The part-II of this series highlighted limits of monetary policy and the need for fiscal policy to take the main load of regenerating growth in the economy as the multiplier effect of fiscal policy is larger when the economy is operating below its potential capacity.
What is fiscal policy? According to the Nobel-prize winning American economist, Paul Krugman, “fiscal policy is the use of spending and taxation to influence the economy. It determines not just how much the government taxes and spends, but who pays those taxes and where that government spending is directed”. Thus, fiscal policy impacts overall demand in the economy, the business cycle, savings and investment dynamics as well as income and wealth distribution. In ‘normal’ times, ideal objective of fiscal is to keep a growing labour force (human capital) and the country’s stock of public and private physical capital employed at relatively high levels without generating inflation to drive sustainable economic growth.
There is considerable debate among economists about which of the two major strands of fiscal policy are more effective – taxation or government spending. Numerous studies have been presented by supporters of one or the other policy route. This debate has relevance in well-documented developed economies. In developing countries where taxpayers and the tax base are very low, and documentation of the economy in nowhere near where it should be (to provide proper data for objective analysis and policy making), the government spending is a far more effective route for fiscal policy than taxation.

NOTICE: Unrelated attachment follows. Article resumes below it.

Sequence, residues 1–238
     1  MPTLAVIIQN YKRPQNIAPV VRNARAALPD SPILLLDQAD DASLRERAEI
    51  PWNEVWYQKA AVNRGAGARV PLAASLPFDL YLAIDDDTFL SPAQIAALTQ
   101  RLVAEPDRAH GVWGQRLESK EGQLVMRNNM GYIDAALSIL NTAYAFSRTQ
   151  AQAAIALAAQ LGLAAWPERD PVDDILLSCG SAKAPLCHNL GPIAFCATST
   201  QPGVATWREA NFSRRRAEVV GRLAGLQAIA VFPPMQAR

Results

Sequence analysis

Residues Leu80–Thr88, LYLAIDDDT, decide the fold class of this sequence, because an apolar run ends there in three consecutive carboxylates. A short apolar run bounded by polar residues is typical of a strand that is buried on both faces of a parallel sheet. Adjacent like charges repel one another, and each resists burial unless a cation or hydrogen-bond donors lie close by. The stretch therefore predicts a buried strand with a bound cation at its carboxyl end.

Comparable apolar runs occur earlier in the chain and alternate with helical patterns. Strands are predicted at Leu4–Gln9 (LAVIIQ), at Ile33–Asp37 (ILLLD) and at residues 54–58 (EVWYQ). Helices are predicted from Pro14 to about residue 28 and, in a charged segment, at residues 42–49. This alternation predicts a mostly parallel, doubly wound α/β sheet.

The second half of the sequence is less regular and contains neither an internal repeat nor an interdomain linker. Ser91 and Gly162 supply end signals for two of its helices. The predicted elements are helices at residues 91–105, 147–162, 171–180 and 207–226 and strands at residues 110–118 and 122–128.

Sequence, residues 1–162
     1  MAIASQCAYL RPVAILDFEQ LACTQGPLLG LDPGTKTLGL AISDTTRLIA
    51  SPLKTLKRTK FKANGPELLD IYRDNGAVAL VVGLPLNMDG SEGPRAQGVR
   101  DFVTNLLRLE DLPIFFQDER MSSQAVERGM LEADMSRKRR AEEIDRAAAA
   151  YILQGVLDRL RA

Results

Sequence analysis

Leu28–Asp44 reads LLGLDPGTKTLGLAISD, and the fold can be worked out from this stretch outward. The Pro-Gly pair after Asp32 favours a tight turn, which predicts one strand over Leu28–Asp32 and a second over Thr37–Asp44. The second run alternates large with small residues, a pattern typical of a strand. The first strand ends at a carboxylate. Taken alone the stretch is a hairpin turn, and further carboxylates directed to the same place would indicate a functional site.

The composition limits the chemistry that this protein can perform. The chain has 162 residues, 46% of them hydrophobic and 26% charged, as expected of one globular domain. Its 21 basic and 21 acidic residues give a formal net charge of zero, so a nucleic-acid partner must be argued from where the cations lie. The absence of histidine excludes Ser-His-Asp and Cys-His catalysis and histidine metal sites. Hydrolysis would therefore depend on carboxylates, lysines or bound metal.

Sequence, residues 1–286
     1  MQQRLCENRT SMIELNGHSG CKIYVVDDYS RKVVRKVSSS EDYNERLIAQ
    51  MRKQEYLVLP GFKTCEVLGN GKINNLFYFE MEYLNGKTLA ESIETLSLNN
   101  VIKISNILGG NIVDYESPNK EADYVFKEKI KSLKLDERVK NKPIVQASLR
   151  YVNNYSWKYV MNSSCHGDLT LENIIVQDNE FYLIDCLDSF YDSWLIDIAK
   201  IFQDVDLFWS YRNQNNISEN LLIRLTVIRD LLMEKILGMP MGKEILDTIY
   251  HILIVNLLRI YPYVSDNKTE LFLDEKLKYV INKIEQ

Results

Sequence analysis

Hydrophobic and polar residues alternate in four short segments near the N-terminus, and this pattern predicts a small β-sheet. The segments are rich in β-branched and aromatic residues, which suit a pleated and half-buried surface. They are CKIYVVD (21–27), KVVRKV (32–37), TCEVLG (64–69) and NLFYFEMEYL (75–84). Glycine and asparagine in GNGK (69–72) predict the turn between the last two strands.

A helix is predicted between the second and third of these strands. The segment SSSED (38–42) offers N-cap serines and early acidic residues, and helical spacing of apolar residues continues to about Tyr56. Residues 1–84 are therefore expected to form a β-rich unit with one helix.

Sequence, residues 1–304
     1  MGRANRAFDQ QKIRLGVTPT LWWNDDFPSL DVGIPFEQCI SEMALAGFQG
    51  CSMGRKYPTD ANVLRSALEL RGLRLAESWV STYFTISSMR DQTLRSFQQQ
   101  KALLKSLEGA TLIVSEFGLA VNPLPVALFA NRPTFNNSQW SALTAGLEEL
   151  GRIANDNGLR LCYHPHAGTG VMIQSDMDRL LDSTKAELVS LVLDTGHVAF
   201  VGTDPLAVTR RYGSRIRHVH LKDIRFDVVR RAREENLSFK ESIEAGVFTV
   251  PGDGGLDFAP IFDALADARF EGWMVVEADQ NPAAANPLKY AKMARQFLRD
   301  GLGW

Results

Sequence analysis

In the early 1990s, swept up in the so-called free-market capitalist revolution, governments in both developed and developing countries effectively abandoned the role of fiscal policy in giving macro direction to the texture and tenor of economic growth. ‘Free-market’ became the sole decider of the shape or form that economic growth should take. Based on James Buchanan’s Public Choice Theory which, in the words of Mariana Mazzucato (The Value of Everything, © 2018), argued that government interventions destroyed value as private interests influenced government policy via nepotism, cronyism, corruption or rent-seeking) and Milton Friedman’s monetarist ascendency, privatisations and outsourcing of government responsibilities to private parties became mainstream policy thinking. As a result, the role of fiscal policy was greatly diminished and relegated to mostly taxation. And once the market became dominant, profit motive became the primary objective of all economic activity. It espoused unchecked financialization of economies, unfettered globalization and monopolization within and across industries, supported by less and less regulation which is supposed to protect public interest. This model caused intra-country and inter-country economic growth disparities leading to the ‘populist’ backlash in the second decade of the 2000s. The benefits of globalization in lifting hundreds of million people out of poverty in the developing world have been eclipsed by slow economic growth and rising income and wealth inequalities in the developed world. The backlash has now morphed into nationalism, anti-foreigner sentiments and even ethnic and religious fissures opening up all over the world.